PF: The next step is you start back over. The way we look at it is this is a completely new team. The pieces that are no longer part of our program are always going to be significant losses. We've got to find young men who are going to fill those roles and do it the way they're capable of. What does that mean? What are their strengths? What we've done in the past is spend a lot of time studying things and looking at cutups and going over all kinds of things as coaches, and then going through spring practice and saying, 'Well, Joe or Demetrius, that's not his strength. We're not going to want to do that in the fall.'

We're now doing a lot of our research on what we want to do schematically and technically and fundamentally, what we want to do from a Football 101 standpoint, and get that taught here in the first couple weeks. Then we want to take the last two weeks of spring ball and say, 'Alright, this is what we do well. Let's go work on that.' We're tying to get more information from our guys, especially what we do well with this group. And we're not going to have it all answered because a lot of our guys coming back aren't participating in spring ball.

You played two quarterbacks [Kain Colter and Trevor Siemian] last year. Does that work well for you, or is there another phase for those guys to evolve?

PF: The ability for those guys to evolve with big-picture things will probably be more in the fall than right now in spring. We'll do some things conceptually that will build upon what we did a year ago, but it will also be a little bit limited based on our depth and who is practicing on offense. We're only going to be able to go as far as we can get the Football 101 accomplished. That's the bigger-picture goal this spring, to develop our young players, similar to what we did a year ago, which helped us have great success. We take the car apart and start to build it all over again with the new pieces.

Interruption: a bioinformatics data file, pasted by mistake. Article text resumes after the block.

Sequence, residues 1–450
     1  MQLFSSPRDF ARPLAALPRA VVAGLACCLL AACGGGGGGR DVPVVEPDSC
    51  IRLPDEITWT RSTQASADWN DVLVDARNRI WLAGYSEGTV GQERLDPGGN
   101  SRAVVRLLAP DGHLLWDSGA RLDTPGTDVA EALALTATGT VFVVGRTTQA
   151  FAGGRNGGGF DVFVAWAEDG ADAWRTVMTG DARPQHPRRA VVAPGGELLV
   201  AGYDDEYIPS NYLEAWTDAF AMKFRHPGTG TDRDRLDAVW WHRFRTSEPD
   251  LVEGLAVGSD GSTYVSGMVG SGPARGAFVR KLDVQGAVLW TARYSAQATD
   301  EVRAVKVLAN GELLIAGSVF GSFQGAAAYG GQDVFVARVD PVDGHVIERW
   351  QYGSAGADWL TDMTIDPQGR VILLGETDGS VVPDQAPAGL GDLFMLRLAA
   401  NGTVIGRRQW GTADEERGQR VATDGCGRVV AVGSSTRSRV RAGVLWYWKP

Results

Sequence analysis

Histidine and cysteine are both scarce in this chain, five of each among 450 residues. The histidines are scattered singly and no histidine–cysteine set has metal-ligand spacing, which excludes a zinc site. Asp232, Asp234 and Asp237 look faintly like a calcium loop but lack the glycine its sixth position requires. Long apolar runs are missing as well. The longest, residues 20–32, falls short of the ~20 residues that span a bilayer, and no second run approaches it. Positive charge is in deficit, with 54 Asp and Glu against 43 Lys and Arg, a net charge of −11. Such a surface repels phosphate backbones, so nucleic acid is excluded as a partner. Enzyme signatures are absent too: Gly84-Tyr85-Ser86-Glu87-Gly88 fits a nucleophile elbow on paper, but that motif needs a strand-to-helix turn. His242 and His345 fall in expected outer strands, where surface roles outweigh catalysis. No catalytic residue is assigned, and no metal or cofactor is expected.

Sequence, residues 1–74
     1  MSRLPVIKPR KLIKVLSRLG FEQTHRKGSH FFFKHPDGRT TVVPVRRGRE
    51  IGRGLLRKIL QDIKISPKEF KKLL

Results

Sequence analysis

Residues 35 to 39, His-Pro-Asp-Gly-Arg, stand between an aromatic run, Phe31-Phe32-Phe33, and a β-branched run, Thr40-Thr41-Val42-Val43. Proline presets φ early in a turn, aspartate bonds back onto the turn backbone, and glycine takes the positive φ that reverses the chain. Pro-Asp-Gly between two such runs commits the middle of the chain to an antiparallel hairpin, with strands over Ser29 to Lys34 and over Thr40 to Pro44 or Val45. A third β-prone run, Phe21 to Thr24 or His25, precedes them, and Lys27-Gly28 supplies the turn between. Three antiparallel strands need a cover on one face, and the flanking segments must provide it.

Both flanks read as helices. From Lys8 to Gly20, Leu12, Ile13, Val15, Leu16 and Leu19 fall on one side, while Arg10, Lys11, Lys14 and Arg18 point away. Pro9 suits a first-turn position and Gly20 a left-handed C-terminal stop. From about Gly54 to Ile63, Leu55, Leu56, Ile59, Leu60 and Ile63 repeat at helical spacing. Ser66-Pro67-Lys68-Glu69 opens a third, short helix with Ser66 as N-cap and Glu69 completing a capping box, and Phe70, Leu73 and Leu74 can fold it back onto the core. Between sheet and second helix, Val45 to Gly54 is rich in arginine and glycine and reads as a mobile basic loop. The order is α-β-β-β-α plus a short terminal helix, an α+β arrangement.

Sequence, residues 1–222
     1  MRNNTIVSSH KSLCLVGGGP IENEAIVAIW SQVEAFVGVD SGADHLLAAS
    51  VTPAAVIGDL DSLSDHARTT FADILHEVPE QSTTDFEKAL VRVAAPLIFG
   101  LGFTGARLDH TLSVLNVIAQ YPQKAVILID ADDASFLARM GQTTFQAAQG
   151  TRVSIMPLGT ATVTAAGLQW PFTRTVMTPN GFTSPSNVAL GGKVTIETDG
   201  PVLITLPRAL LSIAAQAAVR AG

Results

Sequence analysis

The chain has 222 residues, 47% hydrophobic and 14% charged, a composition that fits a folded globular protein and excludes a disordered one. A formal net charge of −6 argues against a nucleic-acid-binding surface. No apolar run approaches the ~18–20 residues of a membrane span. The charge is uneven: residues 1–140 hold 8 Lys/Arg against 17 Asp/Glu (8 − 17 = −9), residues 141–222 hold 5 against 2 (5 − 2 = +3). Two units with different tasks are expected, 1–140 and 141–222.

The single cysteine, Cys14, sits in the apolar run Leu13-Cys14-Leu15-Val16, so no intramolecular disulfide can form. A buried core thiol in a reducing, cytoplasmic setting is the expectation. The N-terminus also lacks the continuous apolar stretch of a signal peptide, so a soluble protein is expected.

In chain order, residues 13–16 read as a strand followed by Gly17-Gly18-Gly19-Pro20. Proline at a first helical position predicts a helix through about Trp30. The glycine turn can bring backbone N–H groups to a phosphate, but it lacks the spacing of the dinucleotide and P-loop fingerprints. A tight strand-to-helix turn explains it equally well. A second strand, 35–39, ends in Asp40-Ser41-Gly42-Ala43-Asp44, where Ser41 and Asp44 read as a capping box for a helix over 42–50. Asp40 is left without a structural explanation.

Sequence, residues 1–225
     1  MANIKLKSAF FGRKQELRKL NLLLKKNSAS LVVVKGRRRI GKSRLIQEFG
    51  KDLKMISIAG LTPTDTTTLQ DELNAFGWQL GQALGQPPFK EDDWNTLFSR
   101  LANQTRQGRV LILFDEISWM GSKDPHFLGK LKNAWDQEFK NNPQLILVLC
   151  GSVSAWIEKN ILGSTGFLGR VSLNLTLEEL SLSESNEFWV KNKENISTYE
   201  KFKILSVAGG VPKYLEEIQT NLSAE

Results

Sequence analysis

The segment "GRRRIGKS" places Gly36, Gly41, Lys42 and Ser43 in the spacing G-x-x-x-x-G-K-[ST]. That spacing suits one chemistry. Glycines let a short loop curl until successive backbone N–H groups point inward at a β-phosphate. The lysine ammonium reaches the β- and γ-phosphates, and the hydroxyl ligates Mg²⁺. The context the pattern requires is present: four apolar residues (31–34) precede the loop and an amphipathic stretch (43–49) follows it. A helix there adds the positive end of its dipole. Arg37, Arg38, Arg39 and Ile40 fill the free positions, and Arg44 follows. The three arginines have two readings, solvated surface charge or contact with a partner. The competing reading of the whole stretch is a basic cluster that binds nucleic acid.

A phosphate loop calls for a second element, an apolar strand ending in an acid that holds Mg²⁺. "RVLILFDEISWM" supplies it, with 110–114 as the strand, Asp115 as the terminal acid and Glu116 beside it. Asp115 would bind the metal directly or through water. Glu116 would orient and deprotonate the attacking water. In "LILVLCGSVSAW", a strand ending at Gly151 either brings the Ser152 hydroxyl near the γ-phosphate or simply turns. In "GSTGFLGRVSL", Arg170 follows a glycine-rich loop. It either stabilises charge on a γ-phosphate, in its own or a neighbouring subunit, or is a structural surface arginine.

How comfortable are you with Kain and Trevor and the way they played last year? A lot of coaches would rather play one guy.

PF: I believe we have two quarterbacks who can lead us to a Big Ten championship based on what I've seen them do. I think both young men are as good as anybody in the country. There's very good quarterback play in this conference, and those guys are very competitive. They both have a terrific skill set, a terrific attitude. They're outstanding leaders. They're both unselfish. Both have the capability to make plays in the moment to their strengths to lead us to a championship.

You lose some pieces along the offensive line. Who are you looking to there to step up?

PF: The whole group stands out to me. They're doing a terrific job. Al Johnson and Jay Hooten, our top two sports-performance guys, have done an outstanding job with that group. I'm excited to watch that group learn and grow and fail [laughs] and walk out of here 15 practices from now like we did a year ago, when we had the same questions. I'm expecting that entire group to step up and compete their tails off, and while I hope to have some answers at the end of spring practice, we will have answers by the time we get on the plane to go to [Cal for the season opener]. This is the second phase for a lot of those guys. The first phase was bowl prep, and the third phase will be [preseason camp]. I'll know a lot more about that group by the end of spring.